Foiled is finished

Foiled: Beth Granville, David Oakes, Richard Clifford and Derek Jacobi

Foiled is over for another year.

It’s odd because, of course, Foiled has yet to begin for most of you. The broadcast dates are lined up in August, but all our work is done and we’re already looking ahead to what’s next.

Tom and Dave have finished editing episode one and say that it sounds like the best thing they’ve ever produced. Certainly from the writing side, I feel like – somehow – Beth and I have delivered on our grandiose ambition of writing our own (more modest) version of Radiohead’s OK Computer.

Which brings us to the cheerful faces of those sprightly actors in the photo above. Our guests for this last episode were Sir Derek Jacobi – so good they knighted him twice – and his partner Richard Clifford.

Sitting in the rehearsal room with these two grandees of British stage and screen was a pinch-yourself moment. All the actors were stealing glances at Sir Derek as if they couldn’t believe what was happening – but also to learn from a master of their craft.

Every single one of Derek’s choices was spot on. He took the lines and lifted them beyond wherever they deserved to be.

In all the knight-of-the-realm kerfuffle, Richard Clifford could be overlooked. But that would be a serious mistake. An equally fine actor, although undecorated, Richard brought relish and gravitas to his role as Professor of Celtic Studies from the University of Monmouth.

And, so I’m told, the actors we know and love from Foileds past, raised their game to match theirs. I can’t wait to hear the finished audio.

This episode was written inside three weeks – only 30 hours of scriptwriting compared to the 50 or so for the other three episodes.

With no writers rooms, we had only ourselves and a little assistance from producer Tom Price on story, and from comedian Ed Easton for a few lovely gags here and there.

Everyone has said maybe we should write all our episodes with a three week deadline. Maybe they’d be right, but that method leaves no leeway for mistakes.

In three weeks, we could afford course correction, but no full rewrites. If we’d fucked up too badly, then who knows what would’ve happened. Maybe it would’ve ben fine; maybe Sir Derek might have politely declined. Who knows?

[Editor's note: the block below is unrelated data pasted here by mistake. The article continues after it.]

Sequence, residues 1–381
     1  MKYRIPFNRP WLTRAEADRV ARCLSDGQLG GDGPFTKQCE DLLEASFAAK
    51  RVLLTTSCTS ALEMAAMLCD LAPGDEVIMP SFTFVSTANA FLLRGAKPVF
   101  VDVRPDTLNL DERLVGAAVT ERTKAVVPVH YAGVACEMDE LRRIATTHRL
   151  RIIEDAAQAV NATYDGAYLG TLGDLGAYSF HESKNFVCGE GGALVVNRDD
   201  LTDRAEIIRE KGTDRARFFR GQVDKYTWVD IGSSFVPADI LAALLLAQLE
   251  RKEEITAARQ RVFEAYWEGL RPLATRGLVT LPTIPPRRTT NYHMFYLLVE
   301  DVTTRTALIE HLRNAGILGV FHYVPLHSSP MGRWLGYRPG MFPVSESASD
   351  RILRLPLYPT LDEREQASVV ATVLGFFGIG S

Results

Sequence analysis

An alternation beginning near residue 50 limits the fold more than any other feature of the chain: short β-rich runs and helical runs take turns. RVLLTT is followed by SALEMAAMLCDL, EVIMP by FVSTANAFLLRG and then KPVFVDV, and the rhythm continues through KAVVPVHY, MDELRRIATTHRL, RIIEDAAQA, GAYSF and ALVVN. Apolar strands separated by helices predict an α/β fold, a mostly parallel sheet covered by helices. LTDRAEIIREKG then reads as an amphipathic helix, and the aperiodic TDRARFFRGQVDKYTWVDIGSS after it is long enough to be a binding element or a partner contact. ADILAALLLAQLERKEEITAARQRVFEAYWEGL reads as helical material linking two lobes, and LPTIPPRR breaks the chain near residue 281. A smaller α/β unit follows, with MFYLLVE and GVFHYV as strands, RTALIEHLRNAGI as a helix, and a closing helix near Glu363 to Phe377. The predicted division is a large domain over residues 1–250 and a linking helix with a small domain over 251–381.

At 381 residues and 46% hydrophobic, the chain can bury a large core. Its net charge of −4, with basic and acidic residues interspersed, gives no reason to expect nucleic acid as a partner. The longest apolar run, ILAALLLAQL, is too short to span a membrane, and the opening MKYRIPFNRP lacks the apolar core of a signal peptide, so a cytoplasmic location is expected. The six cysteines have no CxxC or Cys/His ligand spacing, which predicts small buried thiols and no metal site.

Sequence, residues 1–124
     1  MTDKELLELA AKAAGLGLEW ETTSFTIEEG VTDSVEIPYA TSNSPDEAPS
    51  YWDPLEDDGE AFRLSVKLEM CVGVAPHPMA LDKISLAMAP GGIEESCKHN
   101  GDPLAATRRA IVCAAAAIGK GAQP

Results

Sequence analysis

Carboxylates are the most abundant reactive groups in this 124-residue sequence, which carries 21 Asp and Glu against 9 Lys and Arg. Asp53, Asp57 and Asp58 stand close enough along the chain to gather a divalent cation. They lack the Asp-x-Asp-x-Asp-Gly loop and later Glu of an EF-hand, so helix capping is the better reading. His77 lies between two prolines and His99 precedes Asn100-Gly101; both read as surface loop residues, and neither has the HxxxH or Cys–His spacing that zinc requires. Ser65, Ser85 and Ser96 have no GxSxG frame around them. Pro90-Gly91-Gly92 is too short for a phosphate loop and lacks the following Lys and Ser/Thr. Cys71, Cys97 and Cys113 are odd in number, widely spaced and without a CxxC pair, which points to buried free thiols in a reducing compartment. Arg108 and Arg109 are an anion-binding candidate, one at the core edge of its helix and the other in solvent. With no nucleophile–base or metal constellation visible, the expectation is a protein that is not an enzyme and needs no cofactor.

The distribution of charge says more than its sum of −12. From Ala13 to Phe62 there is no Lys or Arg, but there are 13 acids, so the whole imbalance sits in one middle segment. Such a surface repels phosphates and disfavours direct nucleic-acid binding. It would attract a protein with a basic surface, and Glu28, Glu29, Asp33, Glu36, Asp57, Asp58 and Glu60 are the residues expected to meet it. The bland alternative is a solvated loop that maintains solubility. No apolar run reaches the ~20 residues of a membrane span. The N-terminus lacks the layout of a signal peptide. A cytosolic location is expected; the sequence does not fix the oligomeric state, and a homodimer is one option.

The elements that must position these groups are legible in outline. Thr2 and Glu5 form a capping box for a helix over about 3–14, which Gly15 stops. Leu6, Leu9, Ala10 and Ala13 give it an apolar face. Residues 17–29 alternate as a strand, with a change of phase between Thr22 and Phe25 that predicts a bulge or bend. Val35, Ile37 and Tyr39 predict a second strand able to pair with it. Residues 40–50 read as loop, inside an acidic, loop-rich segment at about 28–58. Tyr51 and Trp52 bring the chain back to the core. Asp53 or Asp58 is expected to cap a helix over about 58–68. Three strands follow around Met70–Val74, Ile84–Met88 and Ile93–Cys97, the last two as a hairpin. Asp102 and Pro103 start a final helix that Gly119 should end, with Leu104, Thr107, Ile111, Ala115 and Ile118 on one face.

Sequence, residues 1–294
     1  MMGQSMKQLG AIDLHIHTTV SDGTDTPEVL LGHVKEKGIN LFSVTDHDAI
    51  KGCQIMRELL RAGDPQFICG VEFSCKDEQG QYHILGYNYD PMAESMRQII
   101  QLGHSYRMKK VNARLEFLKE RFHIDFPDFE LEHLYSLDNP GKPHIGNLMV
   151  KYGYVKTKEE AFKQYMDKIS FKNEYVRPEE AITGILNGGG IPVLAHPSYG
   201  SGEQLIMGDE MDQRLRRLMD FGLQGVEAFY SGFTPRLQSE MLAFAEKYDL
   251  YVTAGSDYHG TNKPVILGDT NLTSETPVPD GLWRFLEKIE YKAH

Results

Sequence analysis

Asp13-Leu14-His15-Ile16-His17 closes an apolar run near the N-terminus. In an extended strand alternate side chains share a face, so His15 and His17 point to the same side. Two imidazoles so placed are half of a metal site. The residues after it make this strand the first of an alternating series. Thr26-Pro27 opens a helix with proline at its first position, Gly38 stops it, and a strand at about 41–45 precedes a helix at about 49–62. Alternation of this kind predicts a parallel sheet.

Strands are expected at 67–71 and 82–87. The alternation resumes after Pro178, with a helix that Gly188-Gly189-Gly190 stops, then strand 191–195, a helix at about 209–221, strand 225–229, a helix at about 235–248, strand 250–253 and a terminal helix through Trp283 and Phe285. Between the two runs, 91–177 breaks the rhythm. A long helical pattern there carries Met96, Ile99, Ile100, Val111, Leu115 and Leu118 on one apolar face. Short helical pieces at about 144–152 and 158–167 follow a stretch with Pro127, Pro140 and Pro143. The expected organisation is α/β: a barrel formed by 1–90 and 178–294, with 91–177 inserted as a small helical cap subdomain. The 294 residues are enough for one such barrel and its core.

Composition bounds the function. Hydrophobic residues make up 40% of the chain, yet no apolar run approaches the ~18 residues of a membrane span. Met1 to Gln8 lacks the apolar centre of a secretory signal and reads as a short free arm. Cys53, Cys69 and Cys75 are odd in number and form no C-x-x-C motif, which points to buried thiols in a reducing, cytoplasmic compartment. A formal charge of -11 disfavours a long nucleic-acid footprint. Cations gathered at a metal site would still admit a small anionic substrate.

People like Sir Derek get fifty offers a day. He has no need for a job on Radio Wales. No need whatsoever. This is a man who has played Hamlet at Elsinor Castle.

Derek and Richard only do passion plays now and it’s down to my wonderful writing partner that they felt this project was worth their time and creativity.

As they rushed off home to get back to their dog, Derek chortled: ‘Let’s get this on TV, shall we?’

What a day.

Foiled Series 3 Episode 3 Cast
L-R: David Charles, Beth Granville, Richard Clifford, Derek Jacobi, Tom Price, David Oakes, Garnon Davies, Dave Cribb, Stephanie Siadatan

What does it take to write a BBC radio sitcom?

The scripts are in! We record tomorrow!

In our third year of Foiled, I feel like I can say something about the rhythms of writing a radio sitcom. Settle in, this is a long read.

Writing a sitcom episode is like building a house. Kinda.

In reality, Beth and I usually start laying bricks before we’ve got any blueprints. If you hired us as builders, you’d probably want your money back.

Whether any of those early bricks make it into the final building is a matter of luck. The risk is that we’ll fall in love with some clever brickwork, which makes it all the harder to tear the folly down later.

But it feels good to write ourselves into the series, reacquaint ourselves with the world and the characters. Unlike in construction, in writing nothing is ever really wasted.

Typing through a script, once the plans are finally in place, is pretty easy now we’re in our third year – a matter of placing one brick alongside another and remembering cement. By this point, we know the returning characters back-to-front; and the hardest part is always putting together the episode’s new characters.

Once a story is written out from start to finish, it’s clear where the problems are. We can start the heavy manual labour of ripping walls down, moving the bathroom into the kitchen, and adding a loft conversion. This part of the process feels very physical – huge swathes of script cut and, sometimes, pasted.